Firstly, let’s suppose $900,000 is the sale price. In case a citizen of the United States and a foreigner are joint owners of a United States property, the withholding will be 10% of the actualized amount that is dispensed to the foreigner. The citizen of the United States and the foreigner are each said to own half of the real estate in case the aforementioned evidence isn’t available for the purposes of the 10% withholding.
Now, as $900,000 was our sales price, the amount of withholding would be $45000($900,000× 0.5% dispensed to foreigner× 0.1% withholding rate). Having discussed the withholding certificate in detail, we can now take a deeper look into the eligibility criteria for FIRPTA exemptions but only after we’ve taken a quick look at state withholding.
If you need help with a FIRPTA Withholding Certificate please call us at 407-502-2400, or email us at [email protected]

Understanding State withholdings

The federal withholding requirements of FIRPTA and state withholding are two different things. Citizens of some U.S states are required by the authorities to withhold an additional amount so that the taxes owed by the sellers can be covered. Even if the person making the sale is a citizen of the United States residing in the U.S, the requirement remains valid. For instance, buyers are required by the state of Florida to withhold and remit a portion of the sales price to the Franchise tax board of Florida whether they are a resident of the state or a non-resident. This amount works in the same manner as FIRPTA deposits: the person selling the property gets a refund if the tax amount withheld is more than the taxes owed.
Now that we discussed both the FIRPTA withholding and the state withholdings, it’s time for us to discuss the FIRPTA exemptions in detail. The buyers must sign an affidavit that clearly mentions that the buying price does not exceed three hundred thousand dollars and that the buyer intends to live in the property. In case the buyer chooses against signing the form, withholding must be performed. With all that discussed, it’s finally time to take a detailed look at FIRPTA exemptions.

A detailed summary of FIRPTA exemptions

To qualify for the reduced withholding rate or the personal residence exemption, either of the two, the buyer must have the intention of using the property for personal purposes for at least 12 months of the 24 that follow immediately after closing. If, as a buyer, you’re unable to meet the requirements of the tenancy, the IRS will hold you legally responsible for the difference between the amount to be withheld and the actual amount (if any) which was withheld.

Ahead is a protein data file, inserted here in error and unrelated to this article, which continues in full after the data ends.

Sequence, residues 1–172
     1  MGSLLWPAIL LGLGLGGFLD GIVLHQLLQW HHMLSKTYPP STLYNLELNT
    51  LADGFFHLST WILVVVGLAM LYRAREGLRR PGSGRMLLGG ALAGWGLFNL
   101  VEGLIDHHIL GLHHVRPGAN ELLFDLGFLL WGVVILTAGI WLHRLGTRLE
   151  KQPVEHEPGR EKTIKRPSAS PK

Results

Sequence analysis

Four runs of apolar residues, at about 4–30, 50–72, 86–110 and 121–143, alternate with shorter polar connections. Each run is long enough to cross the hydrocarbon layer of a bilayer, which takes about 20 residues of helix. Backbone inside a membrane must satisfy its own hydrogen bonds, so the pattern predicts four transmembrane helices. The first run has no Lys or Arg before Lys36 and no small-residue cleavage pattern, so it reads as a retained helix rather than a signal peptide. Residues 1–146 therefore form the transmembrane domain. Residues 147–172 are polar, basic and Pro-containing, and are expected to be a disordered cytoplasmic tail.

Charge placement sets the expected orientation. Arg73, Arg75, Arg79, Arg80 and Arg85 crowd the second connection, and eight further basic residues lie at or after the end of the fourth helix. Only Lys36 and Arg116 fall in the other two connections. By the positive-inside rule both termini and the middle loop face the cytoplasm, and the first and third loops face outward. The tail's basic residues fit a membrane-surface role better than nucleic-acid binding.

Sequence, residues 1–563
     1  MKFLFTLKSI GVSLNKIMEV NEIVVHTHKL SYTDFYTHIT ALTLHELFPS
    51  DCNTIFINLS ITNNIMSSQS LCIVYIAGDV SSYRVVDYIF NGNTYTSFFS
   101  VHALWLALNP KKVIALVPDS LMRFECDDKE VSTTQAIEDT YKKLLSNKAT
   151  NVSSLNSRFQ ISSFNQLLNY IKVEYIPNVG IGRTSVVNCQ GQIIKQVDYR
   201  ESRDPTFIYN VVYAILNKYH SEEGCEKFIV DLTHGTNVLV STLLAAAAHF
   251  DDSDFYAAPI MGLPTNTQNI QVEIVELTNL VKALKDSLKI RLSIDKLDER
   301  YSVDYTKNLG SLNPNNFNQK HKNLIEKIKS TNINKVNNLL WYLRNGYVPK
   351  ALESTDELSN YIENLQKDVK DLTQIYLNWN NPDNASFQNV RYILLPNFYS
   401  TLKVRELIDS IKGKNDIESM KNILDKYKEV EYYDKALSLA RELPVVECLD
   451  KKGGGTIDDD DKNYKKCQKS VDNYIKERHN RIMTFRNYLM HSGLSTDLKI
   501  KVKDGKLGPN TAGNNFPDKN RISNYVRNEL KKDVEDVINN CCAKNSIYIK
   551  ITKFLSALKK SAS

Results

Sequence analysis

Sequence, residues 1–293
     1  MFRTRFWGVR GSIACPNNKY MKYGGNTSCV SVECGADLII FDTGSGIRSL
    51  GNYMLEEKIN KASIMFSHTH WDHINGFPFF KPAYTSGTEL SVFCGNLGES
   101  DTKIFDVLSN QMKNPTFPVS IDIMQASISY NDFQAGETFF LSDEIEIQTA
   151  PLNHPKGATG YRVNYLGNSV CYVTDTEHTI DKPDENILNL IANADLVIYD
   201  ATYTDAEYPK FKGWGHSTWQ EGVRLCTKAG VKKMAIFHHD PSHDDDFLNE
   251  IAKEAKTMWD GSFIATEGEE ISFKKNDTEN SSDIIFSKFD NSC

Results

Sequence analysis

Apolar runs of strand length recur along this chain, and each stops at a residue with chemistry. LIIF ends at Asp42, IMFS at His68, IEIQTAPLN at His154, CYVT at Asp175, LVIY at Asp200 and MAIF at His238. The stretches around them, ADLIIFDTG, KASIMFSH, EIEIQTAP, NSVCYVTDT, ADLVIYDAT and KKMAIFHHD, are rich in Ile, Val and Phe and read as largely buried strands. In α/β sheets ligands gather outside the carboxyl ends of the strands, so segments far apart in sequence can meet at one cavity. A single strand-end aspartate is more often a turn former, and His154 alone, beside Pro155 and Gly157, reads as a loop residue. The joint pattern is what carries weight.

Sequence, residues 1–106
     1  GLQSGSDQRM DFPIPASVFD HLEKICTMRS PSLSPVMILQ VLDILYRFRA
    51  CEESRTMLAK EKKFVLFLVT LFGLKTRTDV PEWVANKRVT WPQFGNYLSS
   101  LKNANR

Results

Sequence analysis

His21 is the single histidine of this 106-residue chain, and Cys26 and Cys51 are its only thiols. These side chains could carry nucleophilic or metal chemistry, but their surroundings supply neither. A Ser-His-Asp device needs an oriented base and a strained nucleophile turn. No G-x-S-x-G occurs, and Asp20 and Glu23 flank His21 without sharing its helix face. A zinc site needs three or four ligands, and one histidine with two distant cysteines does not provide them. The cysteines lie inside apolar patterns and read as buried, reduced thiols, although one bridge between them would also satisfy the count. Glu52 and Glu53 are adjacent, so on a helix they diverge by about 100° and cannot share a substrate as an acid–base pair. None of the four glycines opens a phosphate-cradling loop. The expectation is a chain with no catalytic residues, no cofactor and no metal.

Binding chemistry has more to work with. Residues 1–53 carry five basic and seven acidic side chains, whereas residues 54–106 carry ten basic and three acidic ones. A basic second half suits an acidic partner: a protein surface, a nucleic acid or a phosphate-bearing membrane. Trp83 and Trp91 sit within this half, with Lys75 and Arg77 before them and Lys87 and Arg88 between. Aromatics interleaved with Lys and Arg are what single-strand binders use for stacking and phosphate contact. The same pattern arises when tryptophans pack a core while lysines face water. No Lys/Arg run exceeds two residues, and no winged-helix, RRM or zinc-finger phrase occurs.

It’s important for you to keep in mind that the amount that should have been withheld includes interests and penalties. Under the above-mentioned exception, as a buyer, you do not need to make this election even if the facts don’t back the reduced rate or exemption or even if you’re told by the settlement agent that neither the reduced rate nor the exemption applies automaitcally. Instead, what you need to do is make a beneficial election to do the necessary in case you choose to request for the exemption or the reduced rate. This election should be jettisoned as an affidavit by accrediting the facts qualifying the buyer and the buyer’s decision to the reduced rate or exemption.
The buyer is the person legally responsible to the IRS: this is no hidden fact. Though, the settlement agent takes over this responsibility if proper documentation and handling of the matter doesn’t take place. The gathering and distribution of funds to the IRS during closing is what creates this situation. Also, the specific written direction of the buyer should be showcased by the file if the amount withheld is more than 15% of the real estate’s sale price.
If, as a buyer, you choose to relinquish the withholding or withhold a reduced rate, the settlement agent will be required to obtain an affidavit from you that states your decision and the facts qualifying you for the reduced rate or exemption. Additionally, an acknowledgment that you’ve won the chance to obtain legal or tax advice should also be part of the affidavit. Contrary to what most people believe, FIRPTA affidavit does much more than legally bind two or more parties. You can use the affidavit to get approval for a reduced withholding rate or obtain exemption from withholding. Though, the most useful feature of the FIRPTA affidavit is its ability to protect buyers.
We’ve now discussed everything there is to know about FIRPTA exemptions. We discussed in detail what FIRPTA stands for and entails. This made it easier for us to understand the FIRPTA exemptions.
Now that we’ve discussed FIRPTA exemptions in detail, you can figure out whether or not you qualify for exemptions. If you do quality for FIRPTA exemptions, you should extract the maximum benefit out of them.
If you need help with a FIRPTA Withholding Certificate please call us at 407-502-2400, or email us at [email protected]

Was this post useful?


Post comment